Policy Forum: Equalization and Canada's Fiscal Constitution — The Tie That Binds?

Canadian Tax Journal/Revue Fiscale Canadienne, Vol. 66, No. 4, 2018

24 Pages Posted: 28 Jan 2019

See all articles by Richard M. Bird

Richard M. Bird

affiliation not provided to SSRN

Date Written: December 13, 2018

Abstract

Canada has had a fiscal equalization system since 1957, and equalization was formally embedded in the constitution in 1982. However, the rationale for equalization, how the concept is defined and applied, and what its effects are or should be are all issues that continue to be vigorously debated in both political and expert circles. This article reviews some of these issues and concludes that, on the whole, equalization has played a useful role in helping Canada to get through the last half-century as well as it has. However, the system could be improved by making it more transparent--for example, by fixing the amount to be distributed at (say) the present share of the federal budget (instead of indexing it to a moving average of nominal growth in the gross domestic product), and making the distributional formula less overtly political by establishing a quasi-independent board to examine the allocation formula from time to time and make recommendations for change. Governments at both the federal and provincial levels would then be more accountable for their actions, as they should be in a democracy.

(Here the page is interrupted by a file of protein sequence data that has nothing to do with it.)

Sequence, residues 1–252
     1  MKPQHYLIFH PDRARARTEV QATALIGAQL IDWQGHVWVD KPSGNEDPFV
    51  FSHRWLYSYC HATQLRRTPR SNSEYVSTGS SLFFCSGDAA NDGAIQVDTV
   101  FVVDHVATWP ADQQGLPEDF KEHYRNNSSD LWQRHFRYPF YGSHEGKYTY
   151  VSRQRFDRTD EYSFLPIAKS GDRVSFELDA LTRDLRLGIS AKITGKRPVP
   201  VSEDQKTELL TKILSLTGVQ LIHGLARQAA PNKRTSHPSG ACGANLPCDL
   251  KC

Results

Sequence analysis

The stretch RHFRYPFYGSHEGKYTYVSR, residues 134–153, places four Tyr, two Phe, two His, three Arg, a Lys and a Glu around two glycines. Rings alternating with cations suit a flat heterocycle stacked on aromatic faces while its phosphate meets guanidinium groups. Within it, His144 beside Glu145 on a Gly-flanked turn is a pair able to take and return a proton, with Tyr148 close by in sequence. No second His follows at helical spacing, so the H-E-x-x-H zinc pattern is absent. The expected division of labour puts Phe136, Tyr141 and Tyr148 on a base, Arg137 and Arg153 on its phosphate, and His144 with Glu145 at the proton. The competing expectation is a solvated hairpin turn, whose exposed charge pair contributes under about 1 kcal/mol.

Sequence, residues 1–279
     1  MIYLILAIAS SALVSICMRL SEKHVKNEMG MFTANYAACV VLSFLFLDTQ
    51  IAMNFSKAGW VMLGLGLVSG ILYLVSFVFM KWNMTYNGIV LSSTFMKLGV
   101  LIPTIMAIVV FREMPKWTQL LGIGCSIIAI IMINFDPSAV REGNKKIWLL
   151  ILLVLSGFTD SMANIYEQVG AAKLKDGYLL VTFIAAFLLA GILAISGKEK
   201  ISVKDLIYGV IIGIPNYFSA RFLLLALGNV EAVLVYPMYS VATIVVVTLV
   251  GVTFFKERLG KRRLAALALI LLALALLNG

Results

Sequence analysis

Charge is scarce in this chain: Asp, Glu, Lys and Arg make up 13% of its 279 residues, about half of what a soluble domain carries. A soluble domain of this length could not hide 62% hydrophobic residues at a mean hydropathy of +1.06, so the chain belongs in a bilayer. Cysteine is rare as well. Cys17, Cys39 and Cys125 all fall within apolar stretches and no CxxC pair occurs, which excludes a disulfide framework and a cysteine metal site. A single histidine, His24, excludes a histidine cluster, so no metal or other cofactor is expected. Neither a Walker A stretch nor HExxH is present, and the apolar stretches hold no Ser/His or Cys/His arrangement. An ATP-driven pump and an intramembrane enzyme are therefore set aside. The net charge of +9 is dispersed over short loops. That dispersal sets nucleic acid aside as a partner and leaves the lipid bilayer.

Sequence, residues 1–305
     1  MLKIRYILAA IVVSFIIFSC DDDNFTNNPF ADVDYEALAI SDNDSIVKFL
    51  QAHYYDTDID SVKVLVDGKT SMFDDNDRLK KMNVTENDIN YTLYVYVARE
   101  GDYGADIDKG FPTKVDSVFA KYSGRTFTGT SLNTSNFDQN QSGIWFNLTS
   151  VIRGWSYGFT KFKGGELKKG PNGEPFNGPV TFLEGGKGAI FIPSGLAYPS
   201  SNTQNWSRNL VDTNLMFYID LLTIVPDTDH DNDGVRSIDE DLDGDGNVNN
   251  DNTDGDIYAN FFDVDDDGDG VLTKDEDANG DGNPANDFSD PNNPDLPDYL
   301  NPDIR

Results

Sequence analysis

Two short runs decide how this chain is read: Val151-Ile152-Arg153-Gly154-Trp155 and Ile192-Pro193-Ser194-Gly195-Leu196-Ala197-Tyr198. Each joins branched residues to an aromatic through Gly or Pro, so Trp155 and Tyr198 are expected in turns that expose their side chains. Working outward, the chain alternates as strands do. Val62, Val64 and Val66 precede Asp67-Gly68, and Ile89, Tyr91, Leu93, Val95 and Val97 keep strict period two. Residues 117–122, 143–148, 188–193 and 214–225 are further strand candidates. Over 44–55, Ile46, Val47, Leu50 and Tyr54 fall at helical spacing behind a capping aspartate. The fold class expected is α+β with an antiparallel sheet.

Keywords: Equalization, Fiscal, Constitution, Federal-Provincial, Transfer Payments

Suggested Citation

Bird, Richard Miller, Policy Forum: Equalization and Canada's Fiscal Constitution — The Tie That Binds? (December 13, 2018). Canadian Tax Journal/Revue Fiscale Canadienne, Vol. 66, No. 4, 2018, Available at SSRN: https://ssrn.com/abstract=3309707

Richard Miller Bird (Contact Author)

affiliation not provided to SSRN

No Address Available

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